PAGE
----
Donald Knuth

<person>

Donald E. Knuth, the author of the TeX document formatting system, Metafont its font-design program and the 3 volume computer science "Bible" of algorithms, "The Art of Computer Programming".

Knuth suggested the name "Backus-Naur Form" and was also involved in the SOL simulation language, and developed the WEB literate programming system.

See also MIX, Turingol.

Last updated: 1994-11-04

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Domestic Communications Assistance CenterDOMFDonald Knuthdongledongle cracker

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dongle

<hardware>

/dong'gl/ (From "dangle" - because it dangles off the computer?)

<security>

1. A security or copy protection device for commercial microcomputer programs that must be connected to an I/O port of the computer while the program is run. Programs that use a dongle query the port at start-up and at programmed intervals thereafter, and terminate if it does not respond with the expected validation code.

One common form consisted of a serialised EPROM and some drivers in a D-25 connector shell.

Dongles attempt to combat software theft by ensuring that, while users can still make copies of the program (e.g. for backup), they must buy one dongle for each simultaneous use of the program.

The idea was clever, but initially unpopular with users who disliked tying up a port this way. By 1993 almost all dongles passed data through transparently while monitoring for their particular magic codes (and combinations of status lines) with minimal if any interference with devices further down the line. This innovation was necessary to allow daisy-chained dongles for multiple pieces of software.

In 1998, dongles and other copy protection systems are fairly uncommon for Microsoft Windows software but one engineer in a print and CADD bureau reports that their Macintosh computers typically run seven dongles: After Effects, Electric Image, two for Media 100, Ultimatte, Elastic Reality and CADD. These dongles are made for the Mac's daisy-chainable ADB port.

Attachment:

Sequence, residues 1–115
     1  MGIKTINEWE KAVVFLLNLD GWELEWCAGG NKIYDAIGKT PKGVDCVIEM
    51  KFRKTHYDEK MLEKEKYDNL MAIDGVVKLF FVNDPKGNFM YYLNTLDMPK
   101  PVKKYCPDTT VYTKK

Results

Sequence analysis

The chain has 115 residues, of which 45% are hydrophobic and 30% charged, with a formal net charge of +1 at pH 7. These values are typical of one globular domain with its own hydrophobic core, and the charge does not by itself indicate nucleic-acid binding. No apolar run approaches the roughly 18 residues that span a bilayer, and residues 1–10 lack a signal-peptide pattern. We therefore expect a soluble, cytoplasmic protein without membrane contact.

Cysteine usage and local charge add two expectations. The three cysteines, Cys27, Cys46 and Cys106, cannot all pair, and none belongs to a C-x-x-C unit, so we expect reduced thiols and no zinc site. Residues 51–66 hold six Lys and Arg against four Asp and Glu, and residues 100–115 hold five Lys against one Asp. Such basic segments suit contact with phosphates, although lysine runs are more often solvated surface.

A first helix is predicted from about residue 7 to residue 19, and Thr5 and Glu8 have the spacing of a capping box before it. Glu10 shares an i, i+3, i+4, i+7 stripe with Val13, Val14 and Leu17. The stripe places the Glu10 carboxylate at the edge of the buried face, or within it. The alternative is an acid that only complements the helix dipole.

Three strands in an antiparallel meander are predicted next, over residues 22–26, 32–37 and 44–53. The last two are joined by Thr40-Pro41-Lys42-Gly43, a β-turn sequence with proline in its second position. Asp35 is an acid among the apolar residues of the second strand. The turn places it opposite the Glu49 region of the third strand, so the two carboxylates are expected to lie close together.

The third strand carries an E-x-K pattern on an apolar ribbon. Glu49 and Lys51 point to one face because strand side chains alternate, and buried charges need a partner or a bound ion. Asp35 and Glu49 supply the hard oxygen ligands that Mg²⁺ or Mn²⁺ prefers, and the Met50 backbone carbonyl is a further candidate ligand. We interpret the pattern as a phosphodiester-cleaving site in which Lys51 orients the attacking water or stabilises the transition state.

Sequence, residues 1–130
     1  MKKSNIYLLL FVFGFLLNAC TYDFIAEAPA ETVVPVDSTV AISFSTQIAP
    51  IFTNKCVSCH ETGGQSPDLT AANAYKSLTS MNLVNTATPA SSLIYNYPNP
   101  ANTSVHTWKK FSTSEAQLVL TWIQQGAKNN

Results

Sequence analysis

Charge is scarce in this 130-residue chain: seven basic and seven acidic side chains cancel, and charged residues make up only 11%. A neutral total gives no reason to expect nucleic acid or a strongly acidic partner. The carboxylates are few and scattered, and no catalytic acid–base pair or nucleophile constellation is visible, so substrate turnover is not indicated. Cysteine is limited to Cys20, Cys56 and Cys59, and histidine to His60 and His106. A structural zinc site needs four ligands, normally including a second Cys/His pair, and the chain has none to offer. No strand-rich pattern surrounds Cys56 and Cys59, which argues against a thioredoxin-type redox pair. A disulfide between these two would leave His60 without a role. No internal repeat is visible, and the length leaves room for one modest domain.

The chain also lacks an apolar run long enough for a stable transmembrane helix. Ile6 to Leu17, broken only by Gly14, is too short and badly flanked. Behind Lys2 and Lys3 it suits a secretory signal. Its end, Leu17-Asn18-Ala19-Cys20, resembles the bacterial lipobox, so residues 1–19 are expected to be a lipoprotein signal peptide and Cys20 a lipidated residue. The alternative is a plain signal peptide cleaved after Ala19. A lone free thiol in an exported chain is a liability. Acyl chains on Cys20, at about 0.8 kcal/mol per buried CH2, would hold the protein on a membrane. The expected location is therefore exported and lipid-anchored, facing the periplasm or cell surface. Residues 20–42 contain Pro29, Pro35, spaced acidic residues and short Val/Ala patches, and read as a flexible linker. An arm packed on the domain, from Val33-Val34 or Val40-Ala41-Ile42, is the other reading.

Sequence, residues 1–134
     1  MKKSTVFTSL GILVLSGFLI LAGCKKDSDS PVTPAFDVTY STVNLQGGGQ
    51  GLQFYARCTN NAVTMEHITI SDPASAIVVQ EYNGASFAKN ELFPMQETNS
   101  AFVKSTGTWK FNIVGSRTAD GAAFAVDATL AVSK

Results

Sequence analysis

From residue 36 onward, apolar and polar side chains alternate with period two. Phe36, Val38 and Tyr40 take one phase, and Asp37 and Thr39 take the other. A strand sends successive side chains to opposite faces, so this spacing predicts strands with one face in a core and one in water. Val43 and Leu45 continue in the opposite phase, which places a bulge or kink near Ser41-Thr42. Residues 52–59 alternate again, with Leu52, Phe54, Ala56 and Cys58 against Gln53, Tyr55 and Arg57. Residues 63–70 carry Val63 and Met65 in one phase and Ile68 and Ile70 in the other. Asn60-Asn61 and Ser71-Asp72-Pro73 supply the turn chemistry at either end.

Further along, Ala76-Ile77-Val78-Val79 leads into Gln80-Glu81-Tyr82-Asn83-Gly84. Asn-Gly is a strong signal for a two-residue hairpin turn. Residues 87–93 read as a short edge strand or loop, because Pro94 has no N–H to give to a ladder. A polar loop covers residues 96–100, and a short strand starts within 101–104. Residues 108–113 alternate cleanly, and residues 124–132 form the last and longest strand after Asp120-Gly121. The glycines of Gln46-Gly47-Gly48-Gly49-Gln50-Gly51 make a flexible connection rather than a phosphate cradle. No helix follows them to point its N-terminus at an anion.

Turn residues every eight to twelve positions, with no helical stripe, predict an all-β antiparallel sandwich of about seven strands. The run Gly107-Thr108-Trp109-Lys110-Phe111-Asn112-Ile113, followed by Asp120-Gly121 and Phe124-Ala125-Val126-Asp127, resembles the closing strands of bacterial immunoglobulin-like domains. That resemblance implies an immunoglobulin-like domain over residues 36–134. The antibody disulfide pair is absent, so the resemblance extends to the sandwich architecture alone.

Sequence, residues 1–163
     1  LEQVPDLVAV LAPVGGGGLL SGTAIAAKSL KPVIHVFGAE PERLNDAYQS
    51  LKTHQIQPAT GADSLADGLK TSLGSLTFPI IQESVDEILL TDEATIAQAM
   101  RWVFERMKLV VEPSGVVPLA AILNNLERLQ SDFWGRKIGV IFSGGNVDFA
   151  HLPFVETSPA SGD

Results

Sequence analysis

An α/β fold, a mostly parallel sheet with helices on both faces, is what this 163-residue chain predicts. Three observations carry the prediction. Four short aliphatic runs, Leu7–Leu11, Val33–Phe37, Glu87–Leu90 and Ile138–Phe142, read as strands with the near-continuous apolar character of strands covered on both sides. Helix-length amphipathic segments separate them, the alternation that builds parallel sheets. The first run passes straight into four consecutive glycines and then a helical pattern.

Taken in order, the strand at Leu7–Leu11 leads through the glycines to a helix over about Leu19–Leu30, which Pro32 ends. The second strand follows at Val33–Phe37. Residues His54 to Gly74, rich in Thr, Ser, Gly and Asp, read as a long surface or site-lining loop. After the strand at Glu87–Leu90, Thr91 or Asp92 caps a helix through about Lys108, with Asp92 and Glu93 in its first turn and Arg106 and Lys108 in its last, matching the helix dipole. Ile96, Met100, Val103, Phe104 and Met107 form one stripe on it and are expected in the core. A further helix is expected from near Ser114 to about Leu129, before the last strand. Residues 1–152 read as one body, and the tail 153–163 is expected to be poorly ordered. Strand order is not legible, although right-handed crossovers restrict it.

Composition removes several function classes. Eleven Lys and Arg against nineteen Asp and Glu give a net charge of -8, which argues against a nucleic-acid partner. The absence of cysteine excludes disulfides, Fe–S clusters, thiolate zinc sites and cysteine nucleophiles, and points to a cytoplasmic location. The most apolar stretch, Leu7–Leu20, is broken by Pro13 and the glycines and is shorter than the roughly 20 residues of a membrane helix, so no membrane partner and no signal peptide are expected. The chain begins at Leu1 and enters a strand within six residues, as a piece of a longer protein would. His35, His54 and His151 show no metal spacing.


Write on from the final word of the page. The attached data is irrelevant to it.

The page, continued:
The term is used, by extension, for any physical electronic key or transferable ID required for a program to function. Common variations on this theme have used the parallel port or even the joystick port or a dongle-disk.

An early 1992 advertisment from Rainbow Technologies (a manufacturer of dongles) claimed that the word derived from "Don Gall", the alleged inventor of the device. The company's receptionist however said that the story was a myth invented for the ad.

[Jargon File]

Last updated: 1998-12-13

2. A small adaptor cable that connects, e.g. a PCMCIA modem to a telephone socket or a PCMCIA network card to an RJ45 network cable.

Last updated: 2002-09-29

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dongle cracker

<security>

Someone who enables software that has been written to require a dongle to run without it.

Last updated: 2007-06-11

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Donald Knuthdongledongle crackerdongle-diskDon't do that then!

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dongle-disk

/don'gl disk/ (Or "key disk") A kind of dongle consisting of a special floppy disk that is required in order to perform some task. Some contain special coding that allows an application to identify it uniquely, others *are* special code that does something that normally-resident programs don't or can't.

For example, AT&T's "Unix PC" would only come up in root mode with a special boot disk.

[Jargon File]

Last updated: 1998-12-13

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dongledongle crackerdongle-diskDon't do that then!donuts

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Don't do that then!

<humour>

(From an old doctor's office joke about a patient with a trivial complaint) A stock response to a user complaint. "When I type control-S, the whole system comes to a halt for thirty seconds." "Well don't do that then!"

[Jargon File]

Last updated: 1998-12-13

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dongle crackerdongle-diskDon't do that then!donutsDooced

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donuts

(Obsolete) A collective noun for any set of memory bits. This usage is extremely archaic and may no longer be live jargon; it dates from the days of ferrite core memories in which each bit was implemented by a doughnut-shaped magnetic flip-flop.

[Jargon File]

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dongle crackerdongle-diskDon't do that then!donutsDoocedDOOMDOORS

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